Shetland Sheep: Rich in History, Rich in Textiles

Shetland Sheep: Rich in History, Rich in Textiles! Our farm mission is to enjoy and promote the wonderful diversity of the Shetland breed by fully utilizing to the best of our ability all they have to offer historically. We believe the best preservation and management of this breed includes it's full spectrum of history. We encourage old and new shepherds alike to join in the fun by engaging in fiber arts, especially spinning and knitting, as this breed is so intimately linked with those aspects of the arts.

Tuesday, May 8, 2012

A Pretty Spring Shetland Shawl

Well, this is certainly not a professional picture, but here is the shawl I had worked on lately.  The wool is from my favorite Shetland ewe, Iris.  I had hand sheared her, spun up her nicest wool, and put it out for sale.  It sold really fast, which is a good thing, because one of the things about this job is that it's VERY tempting to take wool back off the sale tables to knit up myself!

The rest of the wool, near her britch, was saved for my own use at another time.  This winter, I spun it up into a worsted 2-ply, wound it into balls, and placed it all in a basket.  After pondering for a bit, I decided to try a new start knitting like I do when making cotton dishclothes, and see where that lead me!  I had no sense of direction, just that I wanted to knit.  

As the piece grew, I switched to a larger circular needle.  The cold winds howled outside as I quietly worked.  The warmth of the wool was very cozy as it grew larger and larger, filling my lap.  I even took it along with me when I traveled, as it folded up nicely for each trip.  When it was large enough, I simply cast off along the neck edge, and left it just as it is...simple, plain, pretty.

After washing it nice to block the yarn, I made three lovely crocheted flowers from leftover yarn.  I hand sewed them on, then used green wool from a Shetland wether that was dyed in Kool Aid for the stems.  The stems are hard to see here, but in real life, they are bright and pop out in a lovely way, giving more balance to the design.  Then, I embroidered my initials on the lower right.  Unfortunately, you cannot see that in the picture!  In real life, it looks like a lovely spring bouquet, set off by Iris's beautiful soft grey fleece.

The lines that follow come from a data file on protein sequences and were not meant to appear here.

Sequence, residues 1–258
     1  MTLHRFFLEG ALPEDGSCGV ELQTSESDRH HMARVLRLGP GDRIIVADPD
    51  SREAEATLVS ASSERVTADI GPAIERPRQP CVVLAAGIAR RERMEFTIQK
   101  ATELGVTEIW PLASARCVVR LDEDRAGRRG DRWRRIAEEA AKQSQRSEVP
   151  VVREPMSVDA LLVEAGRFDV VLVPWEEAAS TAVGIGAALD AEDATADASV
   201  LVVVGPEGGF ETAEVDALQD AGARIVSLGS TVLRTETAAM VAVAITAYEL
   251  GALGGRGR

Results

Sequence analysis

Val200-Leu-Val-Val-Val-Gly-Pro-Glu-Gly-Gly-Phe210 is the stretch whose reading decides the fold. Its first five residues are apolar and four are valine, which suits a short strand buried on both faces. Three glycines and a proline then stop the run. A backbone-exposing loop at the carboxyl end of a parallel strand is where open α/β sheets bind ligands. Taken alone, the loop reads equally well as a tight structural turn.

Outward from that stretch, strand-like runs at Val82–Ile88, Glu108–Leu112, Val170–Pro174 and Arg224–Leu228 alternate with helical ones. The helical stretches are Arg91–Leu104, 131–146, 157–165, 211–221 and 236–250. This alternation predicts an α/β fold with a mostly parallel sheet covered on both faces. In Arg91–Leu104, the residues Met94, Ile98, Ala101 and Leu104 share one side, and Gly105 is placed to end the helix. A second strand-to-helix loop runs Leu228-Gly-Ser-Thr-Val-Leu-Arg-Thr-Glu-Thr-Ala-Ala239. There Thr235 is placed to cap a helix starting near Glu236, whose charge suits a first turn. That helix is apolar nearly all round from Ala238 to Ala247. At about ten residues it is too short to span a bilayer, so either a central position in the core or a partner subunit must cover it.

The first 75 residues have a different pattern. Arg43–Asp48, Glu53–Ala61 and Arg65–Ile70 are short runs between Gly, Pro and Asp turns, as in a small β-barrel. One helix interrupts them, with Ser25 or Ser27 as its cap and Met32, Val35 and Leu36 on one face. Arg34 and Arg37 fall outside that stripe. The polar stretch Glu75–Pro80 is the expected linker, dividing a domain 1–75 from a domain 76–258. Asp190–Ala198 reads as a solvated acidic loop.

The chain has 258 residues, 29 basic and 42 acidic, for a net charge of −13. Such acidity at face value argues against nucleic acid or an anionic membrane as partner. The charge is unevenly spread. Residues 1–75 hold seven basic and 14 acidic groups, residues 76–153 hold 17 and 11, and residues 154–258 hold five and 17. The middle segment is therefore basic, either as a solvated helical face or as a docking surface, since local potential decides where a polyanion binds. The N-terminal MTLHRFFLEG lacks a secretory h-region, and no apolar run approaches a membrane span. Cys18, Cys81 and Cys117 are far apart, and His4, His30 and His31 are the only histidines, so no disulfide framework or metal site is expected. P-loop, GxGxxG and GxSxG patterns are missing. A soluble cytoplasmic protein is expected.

The piece is very warm to wear, and looks so pretty hanging on a chair!  I once had read that Tasha Tudor had a shawl hanging on the back of nearly every chair in her house for anyone who happened to sit in that chair to use if chilled.  I thought that was a great idea, and my sheep provide lovely wool for the task! 

I'm going to make another one to display this summer.  It's going to be from a ewe named Esther.  Esther's wool is black with some white in it, very lively, very soft.  I can't WAIT to knit this shawl!  Esther's yarn is so lovely with a variety of crocheted flower colors, that I'm sure I'll have trouble deciding which ones to pick.  Such problems!

In the meantime, I'm trying to knit up a pair of socks for a neighbor!  He helped us recently when we needed it, and in asking what we could do for him, he surprised us with a very rapid chirp for Shetland wool socks, and even gave the size he needed right away!  We are very grateful for the help he's given us recently, and in times before that, so I'm more than happy to knit those socks!  That's what I'm knitting now...AND I'm knitting on something else that's special!  You'll have to wait for the blog on that one though to find out what it is!  Please be patient...for I need size 5 double points to finish it, and I don't have any!  The ones I want will have to be ordered, so it might take time for those needles to get here.

Back to my knitting!...

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